• 12. The Splunk REST APIExposes an API method for every feature in the product– Whatever you can do in the UI – you can do through the API– Run searches– Manage Splunk configurationsAPI is RESTful– Endpoints are served by splunkd– Requests are GET, POST, and DELETE HTTP methods– Responses are Atom XML Feeds– JSON coming in 5.0– Versioning coming in 5.0– Search results can be output in CSV/JSON/XML 12
  • 13. Spring Integration Splunk Inbound Adaptor• Blocking, Non Blocking, Saved & Realtime Searches• Exporting 13
  • 14. Spring Integration Splunk Outbound Adaptor • HTTP REST Input • TCP Input 14
  • 15. Demos
  • 16. Lap around SplunkSDKs
  • 17. SDK Design Concepts• Stay true to the semantics of the particular language • E.g. Keep Python “pythonic”• Provide implementation that feels to the developer • E.g. Project, build, IDE (where applicable) support• Cover REST API endpoints based on use cases of language • E.g. Java SDK has most comprehensive coverage. JavaScript has fewer management facilities• Initially stay true to REST API semantics and abstract based on feedback• Namespaces • owner: splunk username (defaults to current user) • app: app context (defaults to default app) • sharing: user | app | global | system• Service Class • Instantiate an object to connect and login • Entry point for REST API calls 17
  • 18. Java SDK• Client/Server state • Need to maintain state explicitly • update() : to push changes to splunkd • refresh() : to get changes from splunkd• Getting Started - http://dev.splunk.com/view/java-sdk/SP-CAAAECN • Open sourced under the Apache v2.0 License • Current release status is “beta” • Clone from Github : git clone https://github.com/splunk/splunk-sdk-java.git • Project level support for Eclipse and IntelliJ (git plugins available) • Pre-requisites • Splunk installed • JRE 6+ • Ant (test, build, generate javadocs) • Run the unit tests and examples • Set up a “.splunkrc” file in your user’s home directory • Ant (build, test, generate javadocs) 18
  • 19. JavaScript SDK• 2 main components • Data SDK – Manage Splunk objects, input and search data etc. • UI SDK – Includes Splunk UI components like Charting and Timeline controls• Use of native JavaScript objects • Resource, Entity and Collection objects provide the necessary abstraction• Client/Server state • Need to maintain state explicitly • update() : to push changes to splunkd • fetch() : to get changes from splunkd• Getting Started - http://dev.splunk.com/view/javascript-sdk/SP-CAAAECM • Open sourced under the Apache v2.0 License • Current release status is “beta” • Clone from Github : git clone https://github.com/splunk/splunk-sdk-javascript.git • Pre-requisites • Splunk installed • Node.js for server side scripting, building and running tests and examples • Run the unit tests and examples using node. 19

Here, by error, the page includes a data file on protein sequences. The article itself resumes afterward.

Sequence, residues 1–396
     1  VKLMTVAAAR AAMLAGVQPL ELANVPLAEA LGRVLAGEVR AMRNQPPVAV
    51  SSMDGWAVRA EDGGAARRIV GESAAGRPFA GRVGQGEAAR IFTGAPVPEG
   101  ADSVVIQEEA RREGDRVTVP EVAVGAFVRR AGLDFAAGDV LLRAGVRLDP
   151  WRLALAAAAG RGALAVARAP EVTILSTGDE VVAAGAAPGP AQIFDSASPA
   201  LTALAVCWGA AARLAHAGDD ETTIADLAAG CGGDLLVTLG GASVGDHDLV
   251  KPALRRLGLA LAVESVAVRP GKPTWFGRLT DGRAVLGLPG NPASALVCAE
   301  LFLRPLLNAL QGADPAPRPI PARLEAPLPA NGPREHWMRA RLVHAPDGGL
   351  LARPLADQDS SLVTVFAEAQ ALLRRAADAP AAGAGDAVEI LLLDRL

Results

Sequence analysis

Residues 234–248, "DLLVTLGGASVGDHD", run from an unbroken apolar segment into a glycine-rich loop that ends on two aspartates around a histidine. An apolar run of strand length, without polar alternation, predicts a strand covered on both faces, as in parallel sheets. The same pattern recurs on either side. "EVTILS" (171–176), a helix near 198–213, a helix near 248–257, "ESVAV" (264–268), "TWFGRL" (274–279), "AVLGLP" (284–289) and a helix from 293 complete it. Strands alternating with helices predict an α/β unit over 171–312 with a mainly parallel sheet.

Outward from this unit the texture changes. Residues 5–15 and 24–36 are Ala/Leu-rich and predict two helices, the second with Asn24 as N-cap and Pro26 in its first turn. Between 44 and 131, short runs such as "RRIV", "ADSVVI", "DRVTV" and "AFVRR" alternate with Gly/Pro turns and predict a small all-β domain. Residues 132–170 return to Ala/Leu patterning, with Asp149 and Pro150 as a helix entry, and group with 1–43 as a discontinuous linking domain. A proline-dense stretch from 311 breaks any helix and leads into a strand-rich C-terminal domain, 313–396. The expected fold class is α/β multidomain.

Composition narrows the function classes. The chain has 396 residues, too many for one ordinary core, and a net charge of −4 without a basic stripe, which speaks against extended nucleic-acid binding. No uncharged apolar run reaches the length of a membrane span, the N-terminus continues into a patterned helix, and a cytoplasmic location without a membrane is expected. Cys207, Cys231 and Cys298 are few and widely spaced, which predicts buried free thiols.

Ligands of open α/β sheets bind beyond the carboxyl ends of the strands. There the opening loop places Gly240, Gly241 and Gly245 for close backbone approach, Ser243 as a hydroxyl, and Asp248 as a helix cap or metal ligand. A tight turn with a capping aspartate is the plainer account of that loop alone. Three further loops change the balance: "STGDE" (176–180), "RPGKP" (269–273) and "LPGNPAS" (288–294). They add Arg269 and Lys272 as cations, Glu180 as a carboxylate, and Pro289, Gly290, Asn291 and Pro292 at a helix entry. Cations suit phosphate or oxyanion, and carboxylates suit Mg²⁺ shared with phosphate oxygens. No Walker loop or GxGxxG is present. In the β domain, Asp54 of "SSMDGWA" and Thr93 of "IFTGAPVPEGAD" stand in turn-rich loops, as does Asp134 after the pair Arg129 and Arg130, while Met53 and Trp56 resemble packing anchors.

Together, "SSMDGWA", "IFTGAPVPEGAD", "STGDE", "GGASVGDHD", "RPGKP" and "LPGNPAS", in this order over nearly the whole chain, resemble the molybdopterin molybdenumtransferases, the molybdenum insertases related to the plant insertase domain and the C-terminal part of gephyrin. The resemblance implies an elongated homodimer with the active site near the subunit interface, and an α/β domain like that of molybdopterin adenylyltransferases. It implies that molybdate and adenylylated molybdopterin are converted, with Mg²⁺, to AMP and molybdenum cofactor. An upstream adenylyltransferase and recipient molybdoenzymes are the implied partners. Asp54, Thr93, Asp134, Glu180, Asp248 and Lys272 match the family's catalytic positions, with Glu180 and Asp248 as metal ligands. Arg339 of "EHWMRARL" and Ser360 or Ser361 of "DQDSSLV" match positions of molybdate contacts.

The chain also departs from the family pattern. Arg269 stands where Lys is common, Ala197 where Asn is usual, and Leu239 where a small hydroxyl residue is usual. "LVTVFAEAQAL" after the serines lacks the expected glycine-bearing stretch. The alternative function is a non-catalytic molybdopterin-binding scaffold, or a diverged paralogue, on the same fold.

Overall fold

• 20. Python SDK• 4 main modules • binding: Provides thin abstraction over raw HTTP. • client: Provides an abstraction layer over REST APIs. • results: Provides a Splunk specific streaming XML reader. • data: Converts Splunk’s Atom feed response into Pythonic structure – directory or list• Client/Server state • Need to maintain state explicitly • update() : to push changes to splunkd • refresh() : to get changes from splunkd• Getting Started - http://dev.splunk.com/view/python-sdk/SP-CAAAEBB • Open sourced under the Apache v2.0 License • Current release status is “beta” • Clone from Github : git clone https://github.com/splunk/splunk-sdk-python.git • Pre-requisites • Splunk installed • Python 2.6+ • easy_install or pip • Run the unit tests and examples • Set up a “.splunkrc” file in your user’s home directory 20
  • 21. PHP SDK• Client/Server state • Need to maintain state explicitly • update() : to push changes to splunkd • fetch() : to get changes from splunkd• Getting Started - http://dev.splunk.com/view/php-sdk/SP-CAAAEJM • Open sourced under the Apache v2.0 License • Current release status is “preview” • Clone from Github : git clone https://github.com/splunk/splunk-sdk-php.git • Pre-requisites • Splunk installed • PHP 5.2.11+ • Web Server that supports PHP (e.g. MAMP) – for running examples • PHPUnit 3.6+ - for running the unit tests • Run the unit tests and examples • Set up a “settings.default.php” file in the examples and tests directory 21
  • 22. Code Samples: JavaSDK
  • 23. Connecting / Authenticating 23
  • 24. Namespaces 24
  • 25. Logging Events via HTTP RESTUses receivers/simple endpoint Uses receivers/stream endpoint 25
  • 26. Logging Events via Raw TCPIf you don’t already have a TCP port listening, simply create one via the REST APISetup Log to Splunk Teardown 26
  • 27. Synchronous Search 27
  • 28. Asynchronous Search 28
  • 29. Paginating Results • “maxresultrows” in Splunk config default 50K • Not recommended to change this • If result set > 50K , then page through results 29
  • 30. Real-time Search 30
  • 31. Saved Search 31
  • 32. Processing CSV/JSON/XML results Results put into Hashmap 32
  • 33. Support andCommunity
  • 34. The Splunk Developer Community Splunkbase• Over 1,000 unique visitors/week to dev.spunk.com• Over 650 followers of @splunkdev 34
  • 35. Where to Go for More InfoPortal– http://dev.splunk.com/GitHub– https://github.com/splunk/Twitter– https://twitter.com/splunkdevBlog– http://blogs.splunk.com/dev/Support 35
  • 36. Thank you